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Alternative Medicine

New Research – Poor Sleep Causes Memory Loss

By | Alternative Medicine, Anti-Aging, Blog, Healthy Aging | No Comments

Faithful followers of this blog know that we are a medical alert company focusing on helping the elderly stay in their own homes … and our blog is all about the surprising Good News  these days enveloping the fastest growing population on earth! We focus on simple and tested health ideas you can use,  breaking research in neuroscience and anti-aging, uplifting stories to learn from, new aging-in-place technologies for the home, and much more. What follows is information on another ordinary activity (like drinking lots of water in a previous article) with extraordinary implications! It’s called A Good Night’s Sleep. The regenerative body process called sleep or lack thereof is linked to a number of chronic diseases, including obesity and depression. Now a new study has found a connection between poor sleep and memory storage. It boils down to a difference in the quality of sleep we get as we grow older. This was demonstrated in a recent UC Berkeley study conducted on 33 healthy adults without memory problems (18 participants were mostly in their 20s and 15 were in their 60s and 70s). The group learned 120 word pairs and were asked to recall them for researchers 10 minutes later, then again in the morning after a night’s rest. Brain activity scans of the participants found that the older adults’ quality of sleep was 75 percent lower than the younger group, and that their memory of the word pairs was 55 percent worse the next day. There are a number of ways to improve your sleep quality:

  • Check with your doctor to get treatment. By treating your medical condition, you can improve your quality of sleep dramatically.
  • Unplug. Put away your phones, tablets, laptops and other electrical devices an hour before going to bed. The blue light emitted by these devices interferes with melatonin production, and sends your body the message that it’s daytime, perking you up just as you should be winding down.
  • Exercise. Regular physical activity can improve the quality of your sleep, helping you sleep deeper and faster.

LifeCall Medical Alert SystemsContact LifeCall Medical Alert Systems, one of the leading providers of BOSCH in-home health care monitoring solutions for seniors and at-risk persons seeking to retain their independence and remain in their own homes. www.lifecall.com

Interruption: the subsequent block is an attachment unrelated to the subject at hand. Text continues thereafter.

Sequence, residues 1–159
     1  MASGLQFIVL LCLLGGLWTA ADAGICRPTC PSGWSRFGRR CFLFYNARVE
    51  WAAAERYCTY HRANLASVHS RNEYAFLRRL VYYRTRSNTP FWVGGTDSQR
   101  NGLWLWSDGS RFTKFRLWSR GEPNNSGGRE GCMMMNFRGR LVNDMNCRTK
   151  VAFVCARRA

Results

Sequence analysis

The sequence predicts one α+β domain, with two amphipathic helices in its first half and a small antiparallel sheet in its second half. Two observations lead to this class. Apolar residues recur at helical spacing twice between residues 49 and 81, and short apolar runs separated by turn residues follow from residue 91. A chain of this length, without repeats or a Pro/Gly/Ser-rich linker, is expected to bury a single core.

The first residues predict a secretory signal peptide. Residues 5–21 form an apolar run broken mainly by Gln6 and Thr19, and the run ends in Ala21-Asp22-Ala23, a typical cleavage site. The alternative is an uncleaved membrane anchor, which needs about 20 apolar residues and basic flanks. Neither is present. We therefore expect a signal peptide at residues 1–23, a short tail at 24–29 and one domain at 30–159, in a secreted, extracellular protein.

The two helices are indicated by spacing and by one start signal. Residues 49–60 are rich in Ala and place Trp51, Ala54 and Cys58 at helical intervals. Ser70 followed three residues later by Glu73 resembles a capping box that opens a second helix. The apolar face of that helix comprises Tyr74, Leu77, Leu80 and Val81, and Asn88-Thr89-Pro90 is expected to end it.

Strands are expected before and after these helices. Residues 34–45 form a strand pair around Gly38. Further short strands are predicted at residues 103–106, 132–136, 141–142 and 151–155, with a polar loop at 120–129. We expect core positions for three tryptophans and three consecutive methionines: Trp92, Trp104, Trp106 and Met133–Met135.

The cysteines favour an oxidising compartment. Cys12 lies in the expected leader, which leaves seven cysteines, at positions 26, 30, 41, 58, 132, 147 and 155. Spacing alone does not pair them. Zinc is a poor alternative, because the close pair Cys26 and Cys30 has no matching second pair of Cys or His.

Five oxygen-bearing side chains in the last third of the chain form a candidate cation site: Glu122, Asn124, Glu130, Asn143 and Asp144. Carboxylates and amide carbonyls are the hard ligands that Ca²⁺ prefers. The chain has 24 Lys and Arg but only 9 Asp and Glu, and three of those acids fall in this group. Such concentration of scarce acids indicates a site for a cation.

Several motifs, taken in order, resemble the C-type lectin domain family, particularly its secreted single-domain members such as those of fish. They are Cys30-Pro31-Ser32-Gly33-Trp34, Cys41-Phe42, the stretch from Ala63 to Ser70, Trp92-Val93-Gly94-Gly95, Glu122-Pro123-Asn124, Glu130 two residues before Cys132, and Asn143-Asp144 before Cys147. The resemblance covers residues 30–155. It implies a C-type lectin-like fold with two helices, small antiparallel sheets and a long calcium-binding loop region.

Spice up those neurons … with spices!

By | Alternative Medicine, Blog | No Comments

The elderly in India who consume turmeric in their curries daily have the world’s lowest rate of Alzheimer’s.

Scientists used to think that you were born with all the neurons you’d ever have.  Then in 1998 researchers discovered the birth of new neurons in individuals who were near death.  Turns out your brain – no matter how old or young – can generate new neurons.

One key to brain growth?  Diet.  What you eat helps generate healthy neurons with bushels of dendrites (nerve receptors).  It also keeps nerve endings firing and allows you to maintain brain flexibility.

Consider the …
Super Spice Turmeric

The National Institutes of Health lists 24 current studies on the effects of turmeric and its chief active component, curcumin.

Turmeric (Curcuma longa) is a culinary spice, a major ingredient in Indian curries, and the  source of American mustard’s bright yellow color.

So, will a little Indian curry help your brain?  Used as both medicine and food for centuries, accumulating evidence suggests that this relative of ginger is a promising preventive agent for a wide range of diseases, probably due largely to its anti-inflammatory properties that fight some cancers and multiple sclerosis.  The chemical curcumin that makes turmeric yellow appears to activate a key antioxidizing enzyme that reduces plaque buildup.

According to Dr. Andrew Weil, turmeric contains more than two dozen anti-inflammatory compounds, including six different COX-2-inhibitors (the COX-2 enzyme promotes pain, swelling and inflammation). Studies at the University of California found that in rats prone to accumulate beta-amyloid plaque in their brains – the abnormality associated with Alzheimer’s disease in humans – curcumin blocked the plaque’s accumulation. It also reduced inflammation related to Alzheimer’s disease in neural tissue and the rats fed curcumin performed better on memory tests than rats on normal diets.

Three More Spices that Boost Brain Power

Saffron fights depression in humans, as well as improving learning and memory in animals. Saffron twice daily was as effective as Prozac in treating mild to moderate depression, according to a 2005 study in the Journal of Ethnopharmacology.

Sage, the aptly named herb, is a potent antioxidant and anti-inflammatory. Chinese sage root contains compounds similar to Alzheimer’s disease drugs, and just 50 microliters (.001690 fl oz) of sage oil extract significantly enhanced memory, according to research in Pharmacological Biochemical Behavior.  Sage is a great addition to salads, in soups, even on pizza. It tastes and smells better fresh.

Cinnamon is one of the oldest spices known to man.  Its uses and benefits have been documented as early as 2700 B.C. throughout China, Europe and Egypt. Cinnamon offers anti-clotting and anti-microbial benefits, boosts brain function and contributes to a healthy colon. It may also help control blood sugar in people with diabetes

Read more about Cinnamon HERE.


Contact LifeCall Medical Alert Systems, one of the leading providers of BOSCH in-home health care monitoring solutions for seniors and at-risk persons seeking to retain their independence and remain in their own homes. www.lifecall.com